A junta spokesperson has asked the international watchdog Human Rights Watch to look beyond human rights violations in Thailand and take stock of the junta’s overarching mission instead.
22 March 2015, Last update at 15:30:00 GMT
BANGKOK – A junta spokesperson has asked the international watchdog Human Rights Watch to look beyond human rights violations in Thailand and take stock of the junta’s overarching mission instead.
“Human Rights Watch should consider other issues, too,” said the spokesman, Maj.Gen. Sansern Kaewkamnerd. “They shouldn’t only look at the angle of human rights, otherwise they will not understand the world, they will not understand society. Looking at only one angle like that is idealistic. They should understand that we do everything to protect Thai people and our nation. If they understand this picture, they will understand the situation.”
Maj.Gen. Sansern was responding to HRW’s demand that the junta investigate a claim that four men were tortured in military custody earlier this month. The four men said they were slapped, punched, kicked, and electrocuted by military officers who forced them to confess to participating in an alleged terror network.
The junta has repeatedly denied any use of torture and threatened to take legal action against those who spread the allegation.
“Everyone, including the chief of police and even the Prime Minister, answered in the same way that there was never any torture or beating of suspects,” Maj.Gen. Sansern said yesterday. “The officers have clear evidence. There is no need to do such a thing. Soldiers and police don’t think it would help anything to do that. However, we are willing to investigate the issue.”
Maj.Gen. Sansern also dismissed lawyer and anti-coup activist Arnon Nampha’s plan to contact the United Nations’s human rights division to investigate the torture claim.
“Drawing the UN to get involved will not have any benefit. Please don’t even try to do that, because this is an issue of our country. The UN doesn’t know anything,” Maj.Gen. Sansern told reporters, adding that the government has not been contacted by the UN about the incident so far.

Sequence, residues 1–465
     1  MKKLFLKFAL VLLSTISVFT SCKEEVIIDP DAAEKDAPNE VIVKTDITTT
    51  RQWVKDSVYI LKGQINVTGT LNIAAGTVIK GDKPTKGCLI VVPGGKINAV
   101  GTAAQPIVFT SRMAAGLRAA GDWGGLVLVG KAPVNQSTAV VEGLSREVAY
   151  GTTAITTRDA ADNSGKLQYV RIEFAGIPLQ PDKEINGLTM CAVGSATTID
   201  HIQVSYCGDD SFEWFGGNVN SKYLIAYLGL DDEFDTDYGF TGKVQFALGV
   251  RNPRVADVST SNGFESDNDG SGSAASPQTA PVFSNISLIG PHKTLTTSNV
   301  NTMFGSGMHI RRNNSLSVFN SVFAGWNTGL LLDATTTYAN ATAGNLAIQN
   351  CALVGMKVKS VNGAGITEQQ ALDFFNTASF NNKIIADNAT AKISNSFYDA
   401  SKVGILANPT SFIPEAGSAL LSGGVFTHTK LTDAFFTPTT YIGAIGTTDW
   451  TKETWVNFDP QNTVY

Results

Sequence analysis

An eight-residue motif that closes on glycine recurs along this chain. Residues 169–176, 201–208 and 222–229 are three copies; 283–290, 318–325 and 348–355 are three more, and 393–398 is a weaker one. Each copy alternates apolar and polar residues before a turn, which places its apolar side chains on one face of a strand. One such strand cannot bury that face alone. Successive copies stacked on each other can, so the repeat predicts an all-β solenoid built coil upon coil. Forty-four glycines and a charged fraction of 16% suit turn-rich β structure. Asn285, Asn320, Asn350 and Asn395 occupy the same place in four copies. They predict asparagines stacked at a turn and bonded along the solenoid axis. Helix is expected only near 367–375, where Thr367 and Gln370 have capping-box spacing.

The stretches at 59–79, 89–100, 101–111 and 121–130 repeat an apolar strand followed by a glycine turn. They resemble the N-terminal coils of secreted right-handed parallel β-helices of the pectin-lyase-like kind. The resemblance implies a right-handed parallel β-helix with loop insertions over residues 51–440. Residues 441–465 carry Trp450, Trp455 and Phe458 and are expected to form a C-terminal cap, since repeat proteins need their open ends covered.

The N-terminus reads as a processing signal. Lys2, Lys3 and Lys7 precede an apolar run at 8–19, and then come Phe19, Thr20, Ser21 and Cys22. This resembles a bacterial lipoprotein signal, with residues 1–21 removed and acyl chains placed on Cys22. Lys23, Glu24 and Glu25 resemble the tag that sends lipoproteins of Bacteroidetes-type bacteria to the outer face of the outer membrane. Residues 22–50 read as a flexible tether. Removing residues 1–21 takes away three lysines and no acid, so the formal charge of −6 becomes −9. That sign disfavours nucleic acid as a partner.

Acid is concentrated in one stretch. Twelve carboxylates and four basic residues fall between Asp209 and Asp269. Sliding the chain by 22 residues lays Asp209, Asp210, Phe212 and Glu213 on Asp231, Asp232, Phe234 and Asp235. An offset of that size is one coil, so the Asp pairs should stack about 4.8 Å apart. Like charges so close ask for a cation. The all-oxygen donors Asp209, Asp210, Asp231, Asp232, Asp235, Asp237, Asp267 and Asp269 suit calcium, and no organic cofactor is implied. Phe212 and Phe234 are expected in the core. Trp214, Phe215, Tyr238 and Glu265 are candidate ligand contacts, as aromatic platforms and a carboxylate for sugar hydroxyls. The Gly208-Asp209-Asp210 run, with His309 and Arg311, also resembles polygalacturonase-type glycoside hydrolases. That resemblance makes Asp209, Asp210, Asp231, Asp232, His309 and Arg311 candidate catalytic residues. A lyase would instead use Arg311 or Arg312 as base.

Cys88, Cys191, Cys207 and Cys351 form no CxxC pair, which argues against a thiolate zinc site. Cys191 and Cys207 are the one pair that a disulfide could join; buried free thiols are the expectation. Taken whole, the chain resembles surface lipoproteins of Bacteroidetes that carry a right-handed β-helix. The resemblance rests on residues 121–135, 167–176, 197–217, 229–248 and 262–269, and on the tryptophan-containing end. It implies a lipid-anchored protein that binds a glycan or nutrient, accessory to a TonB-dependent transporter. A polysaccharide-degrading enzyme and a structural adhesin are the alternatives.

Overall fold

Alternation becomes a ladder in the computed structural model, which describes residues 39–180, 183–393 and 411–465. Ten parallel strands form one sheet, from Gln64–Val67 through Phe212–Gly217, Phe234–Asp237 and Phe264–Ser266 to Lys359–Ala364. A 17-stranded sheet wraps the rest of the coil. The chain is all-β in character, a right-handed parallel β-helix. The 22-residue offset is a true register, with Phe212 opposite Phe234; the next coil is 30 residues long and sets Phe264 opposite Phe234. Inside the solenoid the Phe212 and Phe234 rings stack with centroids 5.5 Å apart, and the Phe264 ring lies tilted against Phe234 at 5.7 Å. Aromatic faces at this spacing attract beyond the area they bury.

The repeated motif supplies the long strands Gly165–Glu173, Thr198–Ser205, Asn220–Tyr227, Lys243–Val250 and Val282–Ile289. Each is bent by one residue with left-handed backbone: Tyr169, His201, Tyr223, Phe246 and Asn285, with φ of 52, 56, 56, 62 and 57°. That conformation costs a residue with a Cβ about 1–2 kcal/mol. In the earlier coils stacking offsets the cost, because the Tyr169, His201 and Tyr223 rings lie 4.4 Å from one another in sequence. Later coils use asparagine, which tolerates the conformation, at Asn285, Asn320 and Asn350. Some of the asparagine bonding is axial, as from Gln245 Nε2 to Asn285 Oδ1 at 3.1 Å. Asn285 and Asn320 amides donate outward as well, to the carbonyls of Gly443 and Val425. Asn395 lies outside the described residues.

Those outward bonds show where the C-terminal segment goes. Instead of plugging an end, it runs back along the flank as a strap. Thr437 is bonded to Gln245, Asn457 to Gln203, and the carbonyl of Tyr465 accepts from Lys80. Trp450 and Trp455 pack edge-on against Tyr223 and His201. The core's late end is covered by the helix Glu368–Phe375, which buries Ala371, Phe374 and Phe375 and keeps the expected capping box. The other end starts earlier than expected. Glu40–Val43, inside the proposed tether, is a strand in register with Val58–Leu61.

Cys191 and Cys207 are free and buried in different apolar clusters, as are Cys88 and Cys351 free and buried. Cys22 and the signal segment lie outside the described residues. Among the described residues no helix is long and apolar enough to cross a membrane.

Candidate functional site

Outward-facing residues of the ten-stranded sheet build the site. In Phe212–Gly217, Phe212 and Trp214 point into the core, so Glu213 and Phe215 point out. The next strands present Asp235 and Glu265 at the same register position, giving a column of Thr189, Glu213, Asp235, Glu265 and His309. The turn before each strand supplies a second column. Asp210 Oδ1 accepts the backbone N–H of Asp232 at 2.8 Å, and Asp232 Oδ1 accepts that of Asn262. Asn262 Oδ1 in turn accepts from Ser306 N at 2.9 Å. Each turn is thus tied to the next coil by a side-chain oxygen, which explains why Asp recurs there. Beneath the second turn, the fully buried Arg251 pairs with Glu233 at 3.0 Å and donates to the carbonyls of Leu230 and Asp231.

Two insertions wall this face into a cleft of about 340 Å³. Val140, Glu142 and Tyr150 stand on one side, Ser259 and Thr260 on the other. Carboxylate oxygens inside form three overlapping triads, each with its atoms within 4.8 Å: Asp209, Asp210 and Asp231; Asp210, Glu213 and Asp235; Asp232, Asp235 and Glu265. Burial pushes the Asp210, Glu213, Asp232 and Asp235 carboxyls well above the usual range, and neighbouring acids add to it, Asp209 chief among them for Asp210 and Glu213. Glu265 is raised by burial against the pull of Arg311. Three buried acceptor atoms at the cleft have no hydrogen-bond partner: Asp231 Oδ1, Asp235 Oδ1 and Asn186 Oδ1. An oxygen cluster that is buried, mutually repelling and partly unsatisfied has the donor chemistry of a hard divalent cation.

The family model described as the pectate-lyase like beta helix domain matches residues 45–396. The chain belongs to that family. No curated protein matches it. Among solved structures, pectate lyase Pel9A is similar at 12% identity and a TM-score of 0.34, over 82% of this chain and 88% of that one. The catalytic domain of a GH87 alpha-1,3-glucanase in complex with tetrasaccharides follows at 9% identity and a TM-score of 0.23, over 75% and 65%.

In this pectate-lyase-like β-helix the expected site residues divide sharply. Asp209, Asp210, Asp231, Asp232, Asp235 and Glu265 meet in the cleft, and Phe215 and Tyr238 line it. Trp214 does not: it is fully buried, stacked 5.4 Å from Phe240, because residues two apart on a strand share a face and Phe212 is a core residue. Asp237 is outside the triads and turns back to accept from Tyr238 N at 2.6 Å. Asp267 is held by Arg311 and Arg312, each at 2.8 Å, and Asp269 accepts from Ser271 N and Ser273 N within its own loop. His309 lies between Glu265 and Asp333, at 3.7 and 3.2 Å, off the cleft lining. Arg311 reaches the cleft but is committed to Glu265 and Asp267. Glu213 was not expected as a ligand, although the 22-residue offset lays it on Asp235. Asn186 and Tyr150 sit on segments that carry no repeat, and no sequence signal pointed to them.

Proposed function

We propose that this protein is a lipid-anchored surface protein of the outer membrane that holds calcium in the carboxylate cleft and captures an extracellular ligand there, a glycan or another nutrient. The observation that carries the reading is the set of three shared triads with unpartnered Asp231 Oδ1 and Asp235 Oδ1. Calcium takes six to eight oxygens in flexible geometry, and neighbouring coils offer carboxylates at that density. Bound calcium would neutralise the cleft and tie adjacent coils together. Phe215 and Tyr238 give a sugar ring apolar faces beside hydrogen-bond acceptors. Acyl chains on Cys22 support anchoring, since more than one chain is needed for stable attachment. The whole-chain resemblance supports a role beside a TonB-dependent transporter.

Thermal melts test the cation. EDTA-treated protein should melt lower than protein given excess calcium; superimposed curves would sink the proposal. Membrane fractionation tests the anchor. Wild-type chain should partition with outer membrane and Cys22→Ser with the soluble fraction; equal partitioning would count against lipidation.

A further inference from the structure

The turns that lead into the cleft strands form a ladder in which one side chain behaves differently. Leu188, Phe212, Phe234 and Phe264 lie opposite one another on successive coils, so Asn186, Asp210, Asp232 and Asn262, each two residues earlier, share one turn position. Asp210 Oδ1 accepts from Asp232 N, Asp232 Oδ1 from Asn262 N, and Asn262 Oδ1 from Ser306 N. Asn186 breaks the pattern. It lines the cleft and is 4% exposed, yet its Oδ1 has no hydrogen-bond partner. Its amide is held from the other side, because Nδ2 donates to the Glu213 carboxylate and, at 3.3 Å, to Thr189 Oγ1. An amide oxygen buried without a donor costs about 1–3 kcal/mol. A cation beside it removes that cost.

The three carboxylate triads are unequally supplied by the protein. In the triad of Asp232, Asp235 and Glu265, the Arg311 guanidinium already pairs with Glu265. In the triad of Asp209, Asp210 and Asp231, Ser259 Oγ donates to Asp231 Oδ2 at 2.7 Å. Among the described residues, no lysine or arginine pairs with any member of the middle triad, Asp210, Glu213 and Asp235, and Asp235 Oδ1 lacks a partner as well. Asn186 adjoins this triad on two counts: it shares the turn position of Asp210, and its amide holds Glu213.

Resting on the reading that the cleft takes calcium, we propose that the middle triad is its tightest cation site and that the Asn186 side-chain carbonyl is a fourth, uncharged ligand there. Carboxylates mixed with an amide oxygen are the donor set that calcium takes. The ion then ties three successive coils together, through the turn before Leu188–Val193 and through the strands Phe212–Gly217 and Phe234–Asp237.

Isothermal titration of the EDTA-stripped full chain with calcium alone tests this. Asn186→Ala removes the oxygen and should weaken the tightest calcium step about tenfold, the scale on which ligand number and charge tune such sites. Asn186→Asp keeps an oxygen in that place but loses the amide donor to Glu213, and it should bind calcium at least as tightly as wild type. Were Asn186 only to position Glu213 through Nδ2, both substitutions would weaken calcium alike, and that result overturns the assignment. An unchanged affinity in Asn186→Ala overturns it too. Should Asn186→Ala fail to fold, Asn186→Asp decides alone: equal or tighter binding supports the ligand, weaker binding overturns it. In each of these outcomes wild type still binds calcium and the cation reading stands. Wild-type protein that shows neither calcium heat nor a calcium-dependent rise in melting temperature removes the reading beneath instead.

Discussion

The four men who were allegedly torutured were arrested in connection with the grenade attack at the Criminal Court in Bangkok on 7 March, which caused minor damages to the parking lot but did not injure anyone. Police say an anti-junta “terrorist network” was behind the attack and reportedly plotted to plant bombs at five targets around Bangkok in order to draw a UN intervention.
At least 17 arrest warrants have been issued in relation to the alleged terror plot. All of the arrested suspects have been detained in army camps for up to a week, without access to lawyers, before being transferred to police. Under martial law, security officers can detain individuals without charges for up to seven days.
On 19 March, the New York-based HRW released a statement calling for a “prompt and impartial” investigation into the torture claim.
“These serious allegations of torture in military detention are further cause for alarm about ongoing rights abuses under martial law in Thailand,” said Brad Adams, HRW’s Asia director. “Only a prompt and impartial investigation that results in holding those responsible to account can resolve this matter.”
HRW also urged the junta to end secret military detentions and repeal the martial law. The Thai junta has vehemently defended the use of the martial law as a means to maintain peace and order.
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